As we never will know any system in full, the best approach for most practical reasons is to assume randomness - and let the philosophers quibble about the difference between randomness and unpredictability....
However, the term "random" is rooted in mathematics. The issue is not a "quibble" of philosophy, it is a matter of "proof" and accuracy in speaking.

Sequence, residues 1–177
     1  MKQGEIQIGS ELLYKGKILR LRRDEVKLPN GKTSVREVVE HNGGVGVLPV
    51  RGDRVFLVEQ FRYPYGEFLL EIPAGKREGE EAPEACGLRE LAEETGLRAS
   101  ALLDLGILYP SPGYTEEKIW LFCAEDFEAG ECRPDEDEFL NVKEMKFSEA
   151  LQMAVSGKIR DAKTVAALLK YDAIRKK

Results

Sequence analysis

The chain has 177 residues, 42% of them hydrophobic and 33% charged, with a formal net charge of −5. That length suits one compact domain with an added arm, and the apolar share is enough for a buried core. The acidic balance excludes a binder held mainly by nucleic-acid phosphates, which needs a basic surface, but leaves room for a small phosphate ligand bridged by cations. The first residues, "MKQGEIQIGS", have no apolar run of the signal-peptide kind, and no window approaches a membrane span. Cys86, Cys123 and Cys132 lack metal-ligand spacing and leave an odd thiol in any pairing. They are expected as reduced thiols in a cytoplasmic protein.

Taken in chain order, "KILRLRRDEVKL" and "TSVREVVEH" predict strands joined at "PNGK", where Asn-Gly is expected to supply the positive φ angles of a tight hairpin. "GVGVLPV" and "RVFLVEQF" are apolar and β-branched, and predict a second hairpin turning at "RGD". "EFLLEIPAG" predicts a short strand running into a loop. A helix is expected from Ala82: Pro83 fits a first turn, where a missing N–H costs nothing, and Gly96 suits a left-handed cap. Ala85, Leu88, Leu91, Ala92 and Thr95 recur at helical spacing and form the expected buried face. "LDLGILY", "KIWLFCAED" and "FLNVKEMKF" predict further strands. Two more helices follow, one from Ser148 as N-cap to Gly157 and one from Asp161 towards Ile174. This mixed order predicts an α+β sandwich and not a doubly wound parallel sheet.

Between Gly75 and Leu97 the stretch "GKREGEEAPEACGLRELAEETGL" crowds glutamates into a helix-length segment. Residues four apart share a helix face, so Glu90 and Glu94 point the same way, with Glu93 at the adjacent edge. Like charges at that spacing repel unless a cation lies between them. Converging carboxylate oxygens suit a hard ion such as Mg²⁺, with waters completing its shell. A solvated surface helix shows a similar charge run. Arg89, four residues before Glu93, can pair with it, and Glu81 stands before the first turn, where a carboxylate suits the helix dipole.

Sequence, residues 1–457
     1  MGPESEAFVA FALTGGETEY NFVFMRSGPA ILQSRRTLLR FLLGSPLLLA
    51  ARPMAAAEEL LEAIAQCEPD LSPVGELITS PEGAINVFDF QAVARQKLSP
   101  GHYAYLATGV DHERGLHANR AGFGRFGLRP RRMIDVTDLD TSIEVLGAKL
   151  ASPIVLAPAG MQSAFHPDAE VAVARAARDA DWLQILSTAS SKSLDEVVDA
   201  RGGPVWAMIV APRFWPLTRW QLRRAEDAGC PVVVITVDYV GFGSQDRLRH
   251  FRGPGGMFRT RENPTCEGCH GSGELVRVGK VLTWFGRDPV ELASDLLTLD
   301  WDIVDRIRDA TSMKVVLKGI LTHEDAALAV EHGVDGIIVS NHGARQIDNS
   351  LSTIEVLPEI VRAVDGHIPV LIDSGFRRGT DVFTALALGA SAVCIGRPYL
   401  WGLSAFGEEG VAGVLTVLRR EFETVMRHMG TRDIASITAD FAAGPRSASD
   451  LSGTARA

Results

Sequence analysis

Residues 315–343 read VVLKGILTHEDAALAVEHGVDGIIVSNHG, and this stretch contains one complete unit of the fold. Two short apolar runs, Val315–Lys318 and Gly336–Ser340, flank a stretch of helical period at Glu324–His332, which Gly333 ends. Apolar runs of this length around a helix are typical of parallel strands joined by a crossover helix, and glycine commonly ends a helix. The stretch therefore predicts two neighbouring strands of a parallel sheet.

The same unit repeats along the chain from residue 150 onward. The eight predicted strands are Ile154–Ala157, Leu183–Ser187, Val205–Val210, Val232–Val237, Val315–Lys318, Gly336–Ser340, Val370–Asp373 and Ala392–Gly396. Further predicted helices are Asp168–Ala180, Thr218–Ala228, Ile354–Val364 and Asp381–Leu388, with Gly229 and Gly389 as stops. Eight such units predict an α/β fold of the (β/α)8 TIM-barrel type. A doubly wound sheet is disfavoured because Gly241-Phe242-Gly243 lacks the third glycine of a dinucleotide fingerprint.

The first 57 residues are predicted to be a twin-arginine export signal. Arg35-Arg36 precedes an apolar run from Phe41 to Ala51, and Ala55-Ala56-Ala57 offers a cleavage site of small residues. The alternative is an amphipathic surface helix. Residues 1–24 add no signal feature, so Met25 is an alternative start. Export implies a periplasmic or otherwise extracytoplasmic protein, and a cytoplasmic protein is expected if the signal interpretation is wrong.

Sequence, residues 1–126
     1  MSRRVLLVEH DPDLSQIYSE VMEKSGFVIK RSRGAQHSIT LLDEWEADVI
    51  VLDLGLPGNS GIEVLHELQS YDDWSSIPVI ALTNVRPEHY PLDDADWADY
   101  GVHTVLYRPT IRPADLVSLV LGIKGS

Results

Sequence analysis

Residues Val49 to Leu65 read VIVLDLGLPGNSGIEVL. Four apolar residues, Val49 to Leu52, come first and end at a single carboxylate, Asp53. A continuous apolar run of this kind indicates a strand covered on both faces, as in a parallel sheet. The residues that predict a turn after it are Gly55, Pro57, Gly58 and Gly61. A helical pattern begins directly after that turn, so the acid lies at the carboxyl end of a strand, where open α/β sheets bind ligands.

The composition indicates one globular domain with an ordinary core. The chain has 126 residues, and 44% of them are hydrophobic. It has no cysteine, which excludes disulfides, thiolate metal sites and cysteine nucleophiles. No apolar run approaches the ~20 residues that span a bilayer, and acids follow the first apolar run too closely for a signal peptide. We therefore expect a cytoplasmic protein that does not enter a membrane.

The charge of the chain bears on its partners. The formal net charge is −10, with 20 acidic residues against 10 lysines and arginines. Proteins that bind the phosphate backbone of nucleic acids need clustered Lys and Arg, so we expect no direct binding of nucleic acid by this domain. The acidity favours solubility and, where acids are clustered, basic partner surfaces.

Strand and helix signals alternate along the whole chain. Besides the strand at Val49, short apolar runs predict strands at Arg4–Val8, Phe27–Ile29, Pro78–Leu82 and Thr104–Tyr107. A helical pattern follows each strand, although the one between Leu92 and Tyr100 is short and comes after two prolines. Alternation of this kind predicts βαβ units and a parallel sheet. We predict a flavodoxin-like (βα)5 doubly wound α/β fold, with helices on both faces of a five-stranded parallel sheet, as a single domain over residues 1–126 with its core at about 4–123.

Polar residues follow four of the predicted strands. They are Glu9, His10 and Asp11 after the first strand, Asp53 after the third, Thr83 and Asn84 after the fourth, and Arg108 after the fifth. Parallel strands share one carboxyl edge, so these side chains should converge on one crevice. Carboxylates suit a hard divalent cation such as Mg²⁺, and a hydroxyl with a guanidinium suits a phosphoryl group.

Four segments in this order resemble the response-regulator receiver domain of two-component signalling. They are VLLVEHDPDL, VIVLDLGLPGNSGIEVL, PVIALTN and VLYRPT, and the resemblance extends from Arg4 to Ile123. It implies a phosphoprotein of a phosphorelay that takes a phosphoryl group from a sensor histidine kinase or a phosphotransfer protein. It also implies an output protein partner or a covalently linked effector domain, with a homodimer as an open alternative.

If one pointed to a rectangle with four right angels and parallel, equal sides and declared it a "trapezoid" we'd say "Not so fast, it is a square, a trapezoid has only two sides parallel and it does not have four right angles."
Likewise, if one points to a thing and says to me it is "random" I'll reply "If you have established a uniform distribution, then perhaps so, but only to the extent of your measurement - because you cannot say something is random in the system unless you know what the system 'is.'"